The lighting principles are much the same as for your portraits. Use windows whenever possible, as they are likely to provide the largest, brightest light sources in your home. Food photographers regularly use natural light in their images to give their photos a realistic lifestyle. Play with where you position your subjects and try shooting from different angles to get the light exactly where you want it.

4. Make a short movie

Making a short film can be a lot of fun because you have to think about several different production elements. First, of course, that’s what your movie should be about. You may want to try filming a gritty crime drama with your family as the cast. Maybe it’s about your cat and the things they do during the day.

My short film was all about the process of making a delicious cup of tea. After deciding which movie to make, I thought about the steps that would be required to film the process. For your crime drama, this would be when you’re writing a script and figuring out what pictures you need to put it all together.

Making a cup of tea is a very formal process, so knowing what to film was easy: fill the kettle with water, wait for it to boil, pour the water, and so on. I added some extra scene shots at the beginning and a final shot of me enjoying the tea I made.

It was made entirely on my iPhone 11 Pro, using an Edelkrone slider that allows you to create smooth, glide motion for your photos and an anamorphic lens per Moment, to give that cinematic wide aspect ratio. I edited it in Adobe Premiere on my MacBook Pro ($ 894 at Back Market), but you could easily edit your own movie in iMovie right on your iPhone or with Adobe Premiere Rush on your Android phone.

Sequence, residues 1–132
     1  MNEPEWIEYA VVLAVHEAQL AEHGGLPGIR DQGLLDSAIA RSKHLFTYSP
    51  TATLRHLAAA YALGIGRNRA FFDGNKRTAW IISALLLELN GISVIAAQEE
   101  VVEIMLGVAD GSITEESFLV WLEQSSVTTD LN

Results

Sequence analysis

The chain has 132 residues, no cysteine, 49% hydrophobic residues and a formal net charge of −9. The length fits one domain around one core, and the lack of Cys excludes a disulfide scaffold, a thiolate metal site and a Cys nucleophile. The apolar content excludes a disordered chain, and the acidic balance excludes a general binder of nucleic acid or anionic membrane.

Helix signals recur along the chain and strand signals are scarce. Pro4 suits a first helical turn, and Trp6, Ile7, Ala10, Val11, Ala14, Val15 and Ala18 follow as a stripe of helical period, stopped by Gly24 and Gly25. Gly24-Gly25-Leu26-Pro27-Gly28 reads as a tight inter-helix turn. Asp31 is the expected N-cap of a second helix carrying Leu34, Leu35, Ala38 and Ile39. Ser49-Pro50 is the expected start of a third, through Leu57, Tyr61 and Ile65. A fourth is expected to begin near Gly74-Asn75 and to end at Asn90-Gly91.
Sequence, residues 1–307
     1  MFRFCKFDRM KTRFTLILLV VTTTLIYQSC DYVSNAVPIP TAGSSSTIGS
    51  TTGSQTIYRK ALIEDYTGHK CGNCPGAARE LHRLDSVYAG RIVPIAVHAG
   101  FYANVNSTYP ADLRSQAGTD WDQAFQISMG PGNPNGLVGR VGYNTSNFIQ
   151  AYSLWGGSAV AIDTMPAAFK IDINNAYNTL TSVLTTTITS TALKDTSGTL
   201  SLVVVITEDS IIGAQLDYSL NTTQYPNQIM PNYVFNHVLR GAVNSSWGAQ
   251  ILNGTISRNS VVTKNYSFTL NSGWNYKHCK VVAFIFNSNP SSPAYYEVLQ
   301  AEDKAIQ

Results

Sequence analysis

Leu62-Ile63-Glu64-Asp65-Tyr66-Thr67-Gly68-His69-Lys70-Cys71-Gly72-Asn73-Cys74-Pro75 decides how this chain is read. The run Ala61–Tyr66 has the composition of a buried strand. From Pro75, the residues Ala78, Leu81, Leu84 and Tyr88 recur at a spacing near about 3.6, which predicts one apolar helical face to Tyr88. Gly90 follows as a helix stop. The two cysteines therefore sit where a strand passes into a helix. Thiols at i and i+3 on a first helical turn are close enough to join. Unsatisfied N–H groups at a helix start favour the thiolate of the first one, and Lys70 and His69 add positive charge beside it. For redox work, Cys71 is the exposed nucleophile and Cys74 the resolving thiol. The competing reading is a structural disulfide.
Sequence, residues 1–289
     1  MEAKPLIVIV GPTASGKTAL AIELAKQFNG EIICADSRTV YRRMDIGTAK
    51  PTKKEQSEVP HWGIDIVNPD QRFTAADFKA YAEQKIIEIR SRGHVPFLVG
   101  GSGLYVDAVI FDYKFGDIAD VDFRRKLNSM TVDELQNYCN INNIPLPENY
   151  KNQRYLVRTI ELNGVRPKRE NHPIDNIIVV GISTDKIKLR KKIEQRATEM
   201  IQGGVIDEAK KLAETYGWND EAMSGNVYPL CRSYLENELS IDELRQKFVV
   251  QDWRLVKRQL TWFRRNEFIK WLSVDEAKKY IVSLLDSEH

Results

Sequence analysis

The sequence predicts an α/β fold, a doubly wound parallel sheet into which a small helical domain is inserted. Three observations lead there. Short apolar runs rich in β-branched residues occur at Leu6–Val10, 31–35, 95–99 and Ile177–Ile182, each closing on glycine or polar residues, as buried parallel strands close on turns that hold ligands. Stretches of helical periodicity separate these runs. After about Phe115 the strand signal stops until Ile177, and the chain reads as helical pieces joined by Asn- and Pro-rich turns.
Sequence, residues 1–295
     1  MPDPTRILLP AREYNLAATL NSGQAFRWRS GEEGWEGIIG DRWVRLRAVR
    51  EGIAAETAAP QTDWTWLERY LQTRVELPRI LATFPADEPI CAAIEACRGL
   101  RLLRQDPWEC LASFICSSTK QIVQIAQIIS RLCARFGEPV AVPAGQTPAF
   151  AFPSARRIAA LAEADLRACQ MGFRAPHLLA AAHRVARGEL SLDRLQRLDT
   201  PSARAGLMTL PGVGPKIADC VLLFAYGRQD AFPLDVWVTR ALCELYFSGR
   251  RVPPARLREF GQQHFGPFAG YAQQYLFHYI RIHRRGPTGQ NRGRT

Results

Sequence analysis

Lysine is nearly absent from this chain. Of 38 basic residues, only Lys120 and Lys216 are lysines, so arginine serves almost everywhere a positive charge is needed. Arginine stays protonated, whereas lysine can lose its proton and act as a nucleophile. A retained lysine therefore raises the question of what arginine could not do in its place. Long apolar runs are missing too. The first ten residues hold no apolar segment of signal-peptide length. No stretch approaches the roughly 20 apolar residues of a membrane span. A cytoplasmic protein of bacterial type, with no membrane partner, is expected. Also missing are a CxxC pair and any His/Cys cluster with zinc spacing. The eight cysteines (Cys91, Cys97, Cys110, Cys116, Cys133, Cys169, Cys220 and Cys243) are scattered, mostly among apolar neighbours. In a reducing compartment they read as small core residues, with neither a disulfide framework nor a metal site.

I really enjoyed the process as it forced me to think not only about angles and lighting as I would in my normal photography, but also how to visually tell a story that made sense to someone watching. It was a lot of fun experimenting more with my shooting and editing style too, so it was definitely a great way to spend a few hours at home on a quiet afternoon.


The unedited shot (left), next to the final version (right). I used the iPhone’s long exposure mode to blur the water and then used various color tools in Lightroom mobile to create the look you see here.

Andrew Hoyle / CNET

5. Work on your edit

You may not be able to go out and take a whole bunch of new photos, but that doesn’t mean you can’t put the photos you’ve already taken to good use.

Both the Android and iOS app stores are full of apps that provide a wealth of creative editing options for your images, with a seemingly limitless number of filters, frames, and funky flair for you to apply.

Snapseed is my favorite and it’s free on both platforms. It has a variety of color filters available (including filters that give your scene a punchy ‘HDR’ look, as well as more vintage tone options), but it also offers more in-depth editing tools, such as the ability to selectively paint the brightness in only the areas you want. You can also get more creative with apps like Photofox and Bazaart, both of which I used to create the self-portrait at the top of this article.

My advice is to browse your gallery on your phone and look back at the weeks, months, or years of photos you’ve taken. Mark the ones that really stand out as your favorites, then settle down on your couch with your favorite drink, fire up some editing apps, and hit the town during your photos.

Not only could you breathe new life into photos you’ve long forgotten about, but you can also learn some valuable new techniques that you can put into practice when you can finally start shooting again.

Read more: 5 Masterclass Lessons To Become A Filmmaker: Learn From Martin Scorsese, Jodie Foster & More